Would Today’s California Voters Change Proposition 13?

Dan Walters
Columnist, CALmatters

It would be fair to assume that relatively few of the California voters who passed Proposition 13 overwhelmingly 40 years ago will still be voting this year. So, one might wonder, would today’s voters be willing to make a major change in the state’s iconic property-tax limitation? They may be given the opportunity in a […]

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Local Tax Hikes Cleverly Packaged

Dan Walters
Columnist, CALmatters

Over the past few years, voters in hundreds of California cities and other local governments were asked to pass tax increases, and indications are that another big batch of local tax measures will be on this year’s ballots. All but a handful of the previous tax hikes were approved, although one failed sales tax, in Coalinga, was […]

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How Pension Costs Clobbered One Small City

Dan Walters
Columnist, CALmatters

When Santa Cruz, a picturesque and funky coastal city, first started to feel the pinch of rising retirement costs for city workers, it took several steps to limit the fiscal pain. As recommended by the League of Cities and other authorities, Santa Cruz issued a bond to pay down its rising pension liabilities, set aside […]

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Red Meat Aside, Immigration Flap Poses Real Issue

Dan Walters
Columnist, CALmatters

That was quite a show that politicians staged in Sacramento last Wednesday. U.S. Attorney General Jeff Sessions swooped into town to tell an audience of police officials that he was suing the state to overturn three laws aimed at helping millions of undocumented immigrants avoid deportation. The centerpiece is Senate Bill 54, which puts some limits […]

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California’s public pension crisis in a nutshell

Dan Walters
Columnist, CALmatters

The essence of California’s pension crisis was on display last week when the California Public Employees Retirement System made a relatively small change in its amortization policy. The CalPERS board voted to change the period for recouping future investment losses from 30 years to 20 years. The bottom line is that it will require the state government […]

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Cities should fess up about taxes and pensions

Dan Walters
Columnist, CALmatters

California’s political leaders don’t have to look very far to find a stark example of the pension cost crisis facing the state’s 482 cities. Three blocks from the Capitol, in Sacramento’s city hall, Mayor Darrell Steinberg – a former leader of the state Senate – and other officials are seeing pension costs skyrocket. “Over the past nine […]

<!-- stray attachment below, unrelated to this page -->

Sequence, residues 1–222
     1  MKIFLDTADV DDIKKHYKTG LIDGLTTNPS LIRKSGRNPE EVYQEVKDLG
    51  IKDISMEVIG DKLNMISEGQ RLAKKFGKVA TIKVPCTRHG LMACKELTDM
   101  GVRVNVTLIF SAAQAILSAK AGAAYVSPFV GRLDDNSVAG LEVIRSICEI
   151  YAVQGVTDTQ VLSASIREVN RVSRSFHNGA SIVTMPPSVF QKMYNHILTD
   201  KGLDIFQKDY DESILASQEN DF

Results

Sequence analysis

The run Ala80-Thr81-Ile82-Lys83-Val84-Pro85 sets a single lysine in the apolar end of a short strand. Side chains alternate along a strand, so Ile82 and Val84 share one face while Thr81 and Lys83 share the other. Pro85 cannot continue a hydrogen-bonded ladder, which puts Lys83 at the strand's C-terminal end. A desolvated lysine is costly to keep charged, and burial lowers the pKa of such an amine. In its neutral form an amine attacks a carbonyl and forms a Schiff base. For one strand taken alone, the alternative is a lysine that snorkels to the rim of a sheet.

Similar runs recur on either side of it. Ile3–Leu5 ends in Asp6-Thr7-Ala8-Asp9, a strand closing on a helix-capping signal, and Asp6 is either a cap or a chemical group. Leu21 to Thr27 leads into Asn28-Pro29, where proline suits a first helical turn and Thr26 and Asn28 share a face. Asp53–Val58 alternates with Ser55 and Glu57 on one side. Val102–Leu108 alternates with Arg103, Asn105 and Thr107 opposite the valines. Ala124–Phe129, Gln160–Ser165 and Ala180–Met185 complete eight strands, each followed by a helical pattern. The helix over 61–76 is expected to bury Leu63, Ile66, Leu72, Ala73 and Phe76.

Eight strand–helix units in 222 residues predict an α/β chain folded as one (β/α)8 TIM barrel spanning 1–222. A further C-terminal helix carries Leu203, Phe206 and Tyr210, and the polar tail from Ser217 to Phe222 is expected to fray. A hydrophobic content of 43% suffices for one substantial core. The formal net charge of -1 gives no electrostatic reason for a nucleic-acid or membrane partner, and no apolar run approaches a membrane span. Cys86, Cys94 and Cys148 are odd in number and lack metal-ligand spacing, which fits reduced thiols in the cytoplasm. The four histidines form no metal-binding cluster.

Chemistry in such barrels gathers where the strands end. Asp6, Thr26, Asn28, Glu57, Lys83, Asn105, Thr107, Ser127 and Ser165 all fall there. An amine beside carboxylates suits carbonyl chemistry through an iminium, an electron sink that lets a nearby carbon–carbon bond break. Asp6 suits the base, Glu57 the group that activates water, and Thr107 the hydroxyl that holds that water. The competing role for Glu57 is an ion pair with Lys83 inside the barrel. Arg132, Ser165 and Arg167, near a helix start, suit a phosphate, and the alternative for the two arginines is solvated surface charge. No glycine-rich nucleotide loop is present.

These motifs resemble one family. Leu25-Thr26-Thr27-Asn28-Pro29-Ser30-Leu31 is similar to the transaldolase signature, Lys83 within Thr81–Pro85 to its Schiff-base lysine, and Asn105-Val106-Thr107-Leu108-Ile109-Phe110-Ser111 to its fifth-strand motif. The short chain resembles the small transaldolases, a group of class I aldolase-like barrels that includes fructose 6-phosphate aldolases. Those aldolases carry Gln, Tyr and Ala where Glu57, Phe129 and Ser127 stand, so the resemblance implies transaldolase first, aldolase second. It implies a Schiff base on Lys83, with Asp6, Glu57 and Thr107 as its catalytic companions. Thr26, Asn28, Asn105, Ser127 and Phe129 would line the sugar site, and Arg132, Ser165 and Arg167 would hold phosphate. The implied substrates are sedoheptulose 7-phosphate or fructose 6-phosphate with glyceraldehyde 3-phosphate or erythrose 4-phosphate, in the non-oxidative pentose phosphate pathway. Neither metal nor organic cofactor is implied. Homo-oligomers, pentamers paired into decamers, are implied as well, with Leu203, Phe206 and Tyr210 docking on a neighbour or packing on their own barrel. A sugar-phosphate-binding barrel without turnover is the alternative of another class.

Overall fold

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Sex harassment document dump isn’t enough

Dan Walters
Columnist, CALmatters

Getting legislative leaders to release records about sexual harassment by legislators and their staffers was like pulling teeth without anesthesia. It took months of pressure from women who work in and around the Capitol and had demanded an end to the pervasive culture of bad behavior and from news media, but it finally happened last […]

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Commentary: Surging pension costs push more California cities toward bankruptcy

Dan Walters
Columnist, CALmatters

From one end of California to the other, hundreds of cities are facing a tsunami of pension costs that officials say is forcing them to reduce vital services and could drive some—perhaps many—into functional insolvency or even bankruptcy. The system that manages pension plans for the state government and thousands of local governments lost a […]

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Jerry Brown’s legacy still a work in progress

Dan Walters
Columnist, CALmatters

When Jerry Brown was unveiling his final state budget this month, a reporter asked him about the legacy of his record-long governorship. “Can you tell me the legacy of Goodwin Knight? Or Gov. (Frank) Merriam. Or (George) Deukmejian?” Brown replied with a characteristic smirk. “Governors don’t have legacies. That’s my No. 1 proposition.” Well, yes […]

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How far can Democrats go to help unions?

Dan Walters
Columnist, CALmatters

Undeniably, California’s dominant Democratic Party is joined at the hip with labor unions, even though scarcely a sixth of the state’s workers belong to unions. Unsurprisingly, therefore, Democratic politicians push laws and regulations to help unions expand their memberships. They are motivated, they say, by their belief that workers’ lives are improved by union representation. […]

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